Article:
And then of course, I enter the workplace and well…let’s just say that things weren’t as picture perfect as my research suggested.
Here are the 3 personal branding insights I wish I was told in my early-career:
Self-awareness is a critical skill
Although I do believe that self-awareness is critical for everyone regardless of how they identify, I’ve found it to be particularly important in the context of personal branding as BIWOC. In the workplace, we’re faced with so many negative stereotypes that we’re often forced to spend so much time and energy trying to prove that they aren’t valid.
What I’ve learned since the start of my career is that personal branding is our power. It equips us with a tool that we can use to reshape the many stereotypes and misconceptions that people have of us. However, as Stacey Abrams outlines in her book, Lead from the Outside (one of the many books I highly recommend!), the key to really making the most of that power is “thinking intentionally about who we are and how we want to be perceived.”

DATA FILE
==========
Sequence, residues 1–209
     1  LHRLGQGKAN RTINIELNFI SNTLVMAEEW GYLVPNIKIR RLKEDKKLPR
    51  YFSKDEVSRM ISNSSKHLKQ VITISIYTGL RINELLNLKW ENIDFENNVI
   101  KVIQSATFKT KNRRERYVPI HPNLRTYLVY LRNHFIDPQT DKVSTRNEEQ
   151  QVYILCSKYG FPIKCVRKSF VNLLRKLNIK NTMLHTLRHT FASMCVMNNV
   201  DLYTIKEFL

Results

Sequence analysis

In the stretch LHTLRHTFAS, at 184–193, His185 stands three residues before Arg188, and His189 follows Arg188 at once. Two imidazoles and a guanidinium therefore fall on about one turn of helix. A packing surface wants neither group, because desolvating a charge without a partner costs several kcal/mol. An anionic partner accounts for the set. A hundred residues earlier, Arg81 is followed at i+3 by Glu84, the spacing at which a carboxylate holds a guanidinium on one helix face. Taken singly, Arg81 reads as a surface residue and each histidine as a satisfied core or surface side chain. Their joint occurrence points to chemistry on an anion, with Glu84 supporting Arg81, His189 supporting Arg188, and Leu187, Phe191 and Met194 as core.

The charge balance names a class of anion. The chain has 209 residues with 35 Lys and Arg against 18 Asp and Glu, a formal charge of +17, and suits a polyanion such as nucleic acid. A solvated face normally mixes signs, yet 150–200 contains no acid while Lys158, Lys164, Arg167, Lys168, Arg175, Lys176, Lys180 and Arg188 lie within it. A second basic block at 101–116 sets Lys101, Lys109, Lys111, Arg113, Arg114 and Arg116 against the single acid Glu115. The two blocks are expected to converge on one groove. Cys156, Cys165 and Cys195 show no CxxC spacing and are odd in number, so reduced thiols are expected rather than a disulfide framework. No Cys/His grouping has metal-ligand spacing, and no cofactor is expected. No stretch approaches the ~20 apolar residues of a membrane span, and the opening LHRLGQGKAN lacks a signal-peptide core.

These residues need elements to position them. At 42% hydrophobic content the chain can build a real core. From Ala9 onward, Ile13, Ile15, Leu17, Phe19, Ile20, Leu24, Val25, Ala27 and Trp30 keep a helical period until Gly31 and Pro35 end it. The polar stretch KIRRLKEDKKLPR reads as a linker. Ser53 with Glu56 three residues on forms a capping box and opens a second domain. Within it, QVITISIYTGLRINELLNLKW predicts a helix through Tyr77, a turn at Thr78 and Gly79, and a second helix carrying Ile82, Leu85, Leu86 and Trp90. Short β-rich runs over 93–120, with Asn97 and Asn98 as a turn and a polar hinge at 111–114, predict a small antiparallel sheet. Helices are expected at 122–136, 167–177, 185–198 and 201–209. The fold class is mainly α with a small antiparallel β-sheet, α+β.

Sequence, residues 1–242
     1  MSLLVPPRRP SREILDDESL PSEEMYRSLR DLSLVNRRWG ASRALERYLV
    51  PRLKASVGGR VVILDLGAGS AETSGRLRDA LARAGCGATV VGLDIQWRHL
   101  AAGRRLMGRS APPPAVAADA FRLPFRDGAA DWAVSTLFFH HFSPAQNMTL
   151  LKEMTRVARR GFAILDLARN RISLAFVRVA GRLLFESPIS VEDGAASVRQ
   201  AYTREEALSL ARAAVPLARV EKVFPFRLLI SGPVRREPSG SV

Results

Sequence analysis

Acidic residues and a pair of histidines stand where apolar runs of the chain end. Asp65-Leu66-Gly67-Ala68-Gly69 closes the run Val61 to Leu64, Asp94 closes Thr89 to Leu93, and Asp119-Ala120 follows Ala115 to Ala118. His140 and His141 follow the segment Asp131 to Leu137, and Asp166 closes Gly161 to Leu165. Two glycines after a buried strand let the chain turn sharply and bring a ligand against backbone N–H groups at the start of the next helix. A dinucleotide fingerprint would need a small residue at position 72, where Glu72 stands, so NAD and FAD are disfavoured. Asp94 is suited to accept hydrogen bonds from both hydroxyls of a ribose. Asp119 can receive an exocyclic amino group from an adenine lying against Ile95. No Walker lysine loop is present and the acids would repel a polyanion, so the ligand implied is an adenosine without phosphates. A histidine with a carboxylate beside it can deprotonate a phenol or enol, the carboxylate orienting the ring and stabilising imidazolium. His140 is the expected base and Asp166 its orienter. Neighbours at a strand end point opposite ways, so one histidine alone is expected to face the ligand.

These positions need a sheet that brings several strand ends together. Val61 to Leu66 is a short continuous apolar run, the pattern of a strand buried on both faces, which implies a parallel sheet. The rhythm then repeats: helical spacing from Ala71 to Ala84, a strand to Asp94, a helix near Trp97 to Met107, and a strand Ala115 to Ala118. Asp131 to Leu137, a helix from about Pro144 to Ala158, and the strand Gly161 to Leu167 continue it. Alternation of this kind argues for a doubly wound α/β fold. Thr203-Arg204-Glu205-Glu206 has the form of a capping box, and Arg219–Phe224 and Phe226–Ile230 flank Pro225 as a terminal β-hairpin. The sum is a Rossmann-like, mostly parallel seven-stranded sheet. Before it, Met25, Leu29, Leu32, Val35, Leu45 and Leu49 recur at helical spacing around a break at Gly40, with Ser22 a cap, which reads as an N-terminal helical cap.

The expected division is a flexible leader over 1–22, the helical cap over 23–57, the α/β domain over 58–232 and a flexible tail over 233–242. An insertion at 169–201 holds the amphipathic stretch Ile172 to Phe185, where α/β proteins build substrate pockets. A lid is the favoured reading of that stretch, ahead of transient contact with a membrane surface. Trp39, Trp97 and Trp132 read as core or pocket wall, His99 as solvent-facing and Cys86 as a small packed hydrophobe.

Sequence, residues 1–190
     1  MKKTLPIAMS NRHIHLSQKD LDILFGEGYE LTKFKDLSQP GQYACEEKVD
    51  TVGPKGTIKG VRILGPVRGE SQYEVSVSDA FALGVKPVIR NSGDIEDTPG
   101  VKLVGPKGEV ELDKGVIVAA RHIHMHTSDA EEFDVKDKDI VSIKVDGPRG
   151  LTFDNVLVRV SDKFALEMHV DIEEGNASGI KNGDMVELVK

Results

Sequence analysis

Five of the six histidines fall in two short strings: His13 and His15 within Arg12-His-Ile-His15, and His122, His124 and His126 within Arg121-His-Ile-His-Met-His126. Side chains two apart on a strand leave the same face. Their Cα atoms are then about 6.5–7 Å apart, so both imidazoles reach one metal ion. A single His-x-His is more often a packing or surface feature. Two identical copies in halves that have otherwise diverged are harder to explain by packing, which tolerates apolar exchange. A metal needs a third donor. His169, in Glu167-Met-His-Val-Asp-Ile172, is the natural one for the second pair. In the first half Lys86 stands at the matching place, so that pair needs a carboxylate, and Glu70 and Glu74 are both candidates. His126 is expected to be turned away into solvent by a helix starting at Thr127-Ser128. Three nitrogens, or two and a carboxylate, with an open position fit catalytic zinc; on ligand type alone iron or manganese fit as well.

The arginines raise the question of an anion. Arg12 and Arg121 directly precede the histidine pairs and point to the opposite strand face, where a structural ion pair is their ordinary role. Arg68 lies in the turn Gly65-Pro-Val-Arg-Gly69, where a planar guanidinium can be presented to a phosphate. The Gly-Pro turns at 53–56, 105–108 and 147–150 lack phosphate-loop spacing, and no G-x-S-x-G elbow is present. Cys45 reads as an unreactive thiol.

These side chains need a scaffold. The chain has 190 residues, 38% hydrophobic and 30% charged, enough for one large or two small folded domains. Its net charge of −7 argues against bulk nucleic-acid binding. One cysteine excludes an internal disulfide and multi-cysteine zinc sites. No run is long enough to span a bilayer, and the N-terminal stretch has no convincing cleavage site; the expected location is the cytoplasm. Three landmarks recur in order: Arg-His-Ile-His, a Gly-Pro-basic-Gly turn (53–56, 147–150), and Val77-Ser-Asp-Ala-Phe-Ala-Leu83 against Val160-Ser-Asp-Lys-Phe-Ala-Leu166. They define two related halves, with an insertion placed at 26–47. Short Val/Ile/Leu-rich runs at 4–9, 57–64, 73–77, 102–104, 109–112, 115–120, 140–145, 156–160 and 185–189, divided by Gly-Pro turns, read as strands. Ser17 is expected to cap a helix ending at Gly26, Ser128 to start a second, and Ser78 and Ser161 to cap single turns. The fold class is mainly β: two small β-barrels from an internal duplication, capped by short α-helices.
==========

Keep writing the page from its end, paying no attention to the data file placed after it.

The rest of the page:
“What I’ve learned since the start of my career is that personal branding is our power.”
This is why I regularly love to do what I’ve called The Power of Words exercise. First, you begin by outlining all the words, ideas, values and feelings that people associate with you right now. Then, you create a second list of all the words, ideas, values and feelings that you want people to associate with you in the future. Personal branding is what allows you to make that shift from point A (where you are now) to point B (where you want to be in the future).
You’ll have to find the balance between authenticity and conformity
One of the most popular pieces of career advice is “be your most authentic self.” Seems simple enough, right? The intent is great but I can say from experience that when you’re the “only” in a workplace, it is very difficult to fully show up as who you are.